Ill apologize in advance for our absence lately. The last few weeks have been incredible but we have not had cell phone service to share all of our thoughts. Alas, we are back to share our ramblings.
This week I will be introducing the first article of a monthly series we've decided to share. The series will be called the Foundations. The purpose behind this series is to share our primary areas of focus in regard to remaining healthy and happy while backpacking over 2,000 miles, again. The foundations include: Form, Strength, Efficiency and Grit. Throughout the remainder of this article I will focus on the first foundation, Form.
Form is a word you'll hear me say a ton on a daily basis. From the physical act of hiking well, to me nodding my head and praising others for doing an act with good form, it is a integral part of our daily lives. Form is the first foundation we strive for because it has such a profound effect on everything we do, including the subsequent foundations.
At this point you may be wondering what good form looks like. In terms of hiking with good form, I look at posture, stride length and foot placement. Let it be known that I'm by no means a medical professional and won't claim to be. All the knowledge I'm sharing is from research and experience, and should taken with a grain of salt, like all things.
Posture is critical for activating all of the muscle groups necessary to hike well. You want your core and butt working. If you hunch over, you may lose activation of the core and as a result put extra stress on other muscle groups and joints. One of the best ways I have found to get set into good posture is to do a plank exercise before I get going or to imagine that their is a string tied to the top of my head, and right before I start walking I pretend that someone is pulling the string straight up. This puts me in a good upright position and I almost always feel my stomach tighten up, reminding me that my core is in the game. When going uphill, just aim your sternum up to where you wanna go. This allows you to lean into the hill but keeps your core and back aligned and engaged. After you feel solid on posture, you're ready to walk. Stride length and foot placement come next.
Stride length is the next big piece to good form. Lots of people over stride when they walk. This causes an over extension of the leg, practically snap kicking the knee with every step. Don't believe me? Take a moment to watch people walk down the street. Now focus on their knees and watch how they snap and over extend during each step. This works for short distance travel, but when your walking a long distances you have to reel in that stride. Granted, it's not always our fault we over stride. Cushy heeled shoes make it easy to take long strides. If you take your shoes off and start walking around, you will notice that your stride will naturally begin to tighten up. This is a great way to practice but in most of our realities we have to wear some form of footwear. I suggest playing the mental game again. Imagine that your foot is landing under you during each step. Don't look at your feet, just walk. In reality, your foot is extending some but your knee will no longer extend to the moon and back. Eighty percent of the time I start getting a sore knee it's because I start getting lazy and begin over striding or my posture has gone to hell.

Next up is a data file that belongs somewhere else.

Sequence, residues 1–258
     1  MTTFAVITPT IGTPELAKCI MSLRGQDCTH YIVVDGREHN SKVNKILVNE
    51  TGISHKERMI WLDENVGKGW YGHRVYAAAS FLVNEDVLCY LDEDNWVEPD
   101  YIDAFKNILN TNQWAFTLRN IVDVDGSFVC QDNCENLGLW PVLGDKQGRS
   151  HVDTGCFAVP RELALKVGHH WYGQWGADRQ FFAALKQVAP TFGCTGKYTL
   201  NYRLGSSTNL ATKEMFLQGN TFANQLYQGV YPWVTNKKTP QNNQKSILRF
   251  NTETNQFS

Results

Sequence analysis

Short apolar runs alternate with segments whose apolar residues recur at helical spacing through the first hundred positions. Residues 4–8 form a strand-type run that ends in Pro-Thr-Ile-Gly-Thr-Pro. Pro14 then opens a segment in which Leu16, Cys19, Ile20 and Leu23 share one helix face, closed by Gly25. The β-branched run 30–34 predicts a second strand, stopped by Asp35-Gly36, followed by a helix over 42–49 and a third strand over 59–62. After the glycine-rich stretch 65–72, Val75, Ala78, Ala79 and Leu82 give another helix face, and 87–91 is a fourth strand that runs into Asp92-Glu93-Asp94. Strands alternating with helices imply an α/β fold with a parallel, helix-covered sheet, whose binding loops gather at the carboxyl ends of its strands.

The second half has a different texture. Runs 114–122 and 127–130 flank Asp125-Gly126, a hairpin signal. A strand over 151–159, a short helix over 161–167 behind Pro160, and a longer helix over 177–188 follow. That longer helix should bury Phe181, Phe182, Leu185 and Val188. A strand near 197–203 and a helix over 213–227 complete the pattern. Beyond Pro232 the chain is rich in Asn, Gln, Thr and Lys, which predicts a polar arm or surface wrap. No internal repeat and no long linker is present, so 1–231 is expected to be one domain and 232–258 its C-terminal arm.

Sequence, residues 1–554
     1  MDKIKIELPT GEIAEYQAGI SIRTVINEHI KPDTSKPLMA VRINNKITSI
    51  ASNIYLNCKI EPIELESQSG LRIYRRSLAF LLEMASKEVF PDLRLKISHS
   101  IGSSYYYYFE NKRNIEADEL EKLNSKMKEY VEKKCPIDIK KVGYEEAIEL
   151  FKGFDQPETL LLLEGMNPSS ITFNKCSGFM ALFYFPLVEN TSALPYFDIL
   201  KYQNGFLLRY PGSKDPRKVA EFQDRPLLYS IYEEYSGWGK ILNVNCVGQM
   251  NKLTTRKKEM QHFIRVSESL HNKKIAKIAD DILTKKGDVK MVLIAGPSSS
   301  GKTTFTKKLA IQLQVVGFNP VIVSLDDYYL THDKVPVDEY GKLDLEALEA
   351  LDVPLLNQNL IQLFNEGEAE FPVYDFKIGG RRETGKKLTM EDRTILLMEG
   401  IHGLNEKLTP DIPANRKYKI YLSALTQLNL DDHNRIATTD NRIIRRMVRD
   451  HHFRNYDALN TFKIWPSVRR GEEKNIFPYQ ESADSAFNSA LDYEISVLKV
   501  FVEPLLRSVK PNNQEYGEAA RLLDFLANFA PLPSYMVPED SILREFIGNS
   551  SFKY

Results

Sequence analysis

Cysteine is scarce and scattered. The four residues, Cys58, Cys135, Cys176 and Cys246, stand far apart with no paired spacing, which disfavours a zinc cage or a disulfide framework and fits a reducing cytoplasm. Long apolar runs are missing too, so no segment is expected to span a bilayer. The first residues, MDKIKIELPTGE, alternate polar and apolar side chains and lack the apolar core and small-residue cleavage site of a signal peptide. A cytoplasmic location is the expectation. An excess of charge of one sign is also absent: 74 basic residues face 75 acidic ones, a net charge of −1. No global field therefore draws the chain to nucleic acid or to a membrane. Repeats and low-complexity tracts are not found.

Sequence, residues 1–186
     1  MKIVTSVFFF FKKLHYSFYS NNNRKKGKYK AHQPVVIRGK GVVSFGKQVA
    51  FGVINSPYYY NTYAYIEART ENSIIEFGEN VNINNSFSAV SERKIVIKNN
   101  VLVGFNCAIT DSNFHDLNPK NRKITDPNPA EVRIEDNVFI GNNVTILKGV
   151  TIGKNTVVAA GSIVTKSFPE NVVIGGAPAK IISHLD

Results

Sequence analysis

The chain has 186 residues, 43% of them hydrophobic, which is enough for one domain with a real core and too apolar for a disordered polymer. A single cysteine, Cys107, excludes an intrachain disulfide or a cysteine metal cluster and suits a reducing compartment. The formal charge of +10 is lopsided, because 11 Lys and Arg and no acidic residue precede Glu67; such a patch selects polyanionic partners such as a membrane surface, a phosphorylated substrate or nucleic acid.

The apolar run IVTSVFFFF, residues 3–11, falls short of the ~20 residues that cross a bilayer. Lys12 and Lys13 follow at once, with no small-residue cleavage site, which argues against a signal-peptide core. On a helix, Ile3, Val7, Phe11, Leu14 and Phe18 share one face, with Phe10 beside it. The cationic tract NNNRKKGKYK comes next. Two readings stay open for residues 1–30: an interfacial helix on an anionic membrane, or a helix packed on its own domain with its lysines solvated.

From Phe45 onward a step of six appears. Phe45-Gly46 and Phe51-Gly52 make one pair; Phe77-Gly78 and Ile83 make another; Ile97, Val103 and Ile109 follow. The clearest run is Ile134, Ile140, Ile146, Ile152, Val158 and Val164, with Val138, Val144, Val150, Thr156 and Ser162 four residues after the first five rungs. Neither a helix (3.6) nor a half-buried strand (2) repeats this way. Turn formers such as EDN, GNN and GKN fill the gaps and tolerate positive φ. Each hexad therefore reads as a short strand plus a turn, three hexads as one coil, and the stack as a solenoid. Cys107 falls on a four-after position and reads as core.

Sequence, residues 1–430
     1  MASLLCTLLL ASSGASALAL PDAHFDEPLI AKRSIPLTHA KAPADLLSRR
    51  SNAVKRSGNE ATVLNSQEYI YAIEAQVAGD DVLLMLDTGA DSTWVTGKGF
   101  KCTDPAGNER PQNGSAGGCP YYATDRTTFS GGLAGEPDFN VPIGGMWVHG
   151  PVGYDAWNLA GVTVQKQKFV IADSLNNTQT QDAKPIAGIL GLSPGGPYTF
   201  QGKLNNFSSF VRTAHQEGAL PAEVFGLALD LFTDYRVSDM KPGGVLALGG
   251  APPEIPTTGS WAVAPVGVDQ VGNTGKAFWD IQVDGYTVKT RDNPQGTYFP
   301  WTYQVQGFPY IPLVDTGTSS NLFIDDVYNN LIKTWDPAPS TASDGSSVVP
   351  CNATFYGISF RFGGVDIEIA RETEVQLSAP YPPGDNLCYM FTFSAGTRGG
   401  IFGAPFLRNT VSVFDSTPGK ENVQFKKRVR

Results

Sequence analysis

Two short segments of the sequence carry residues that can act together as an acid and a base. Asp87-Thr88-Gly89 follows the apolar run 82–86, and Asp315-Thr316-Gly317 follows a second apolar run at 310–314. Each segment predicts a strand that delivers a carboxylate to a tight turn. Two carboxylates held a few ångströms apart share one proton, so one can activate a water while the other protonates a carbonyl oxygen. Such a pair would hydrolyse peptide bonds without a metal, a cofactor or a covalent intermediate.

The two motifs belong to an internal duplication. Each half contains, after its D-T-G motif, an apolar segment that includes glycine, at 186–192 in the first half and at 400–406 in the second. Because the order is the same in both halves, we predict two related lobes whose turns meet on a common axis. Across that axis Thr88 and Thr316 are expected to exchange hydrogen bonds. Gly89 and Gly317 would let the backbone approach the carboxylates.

The last piece I'll cover for good physical form is foot placement. Yes, it is exactly as it sounds. Putting your foot in the right place can be important. Of course we don't want to step in holes or on sharp rocks. What I mean by good foot placement is where your foot is pointing when it lands. One thing that often happens during a long day of hiking is a tiring of the muscles. No brainier right!? The muscles in the feet are sometimes not given as much attention as our calves and quads, but the foot muscles are equally as important. Once the arch gets tired it can collapse causing some discomfort and many times a change in form. If you imagine your foot on a clock, good foot placement will have your foot pointing in the direction of the 12 on the clock during each stride. Once the arch gets tired you will see that foot begin to flare out and your foot may begin to point more toward the 2 o'clock position to compensate. This starts a chain reaction which I've found leads to pain in the knee and hip.
This series of events is by no means the cause of all legs pains, but it is one that I've found plays a large role in my personal break down during long distance trips. My father has been a medical professional for over 35 years and always reminds me of the importance of a strong foundation. Many hip and leg issues he addresses start in the feet. I make sure to give myself a foot massage nightly. This has helped tremendously in preventing the above series of events. Again, my cents.
I hope this information gives a little insight into how we approach hiking. Until next time, stay healthy and by all means stay positive.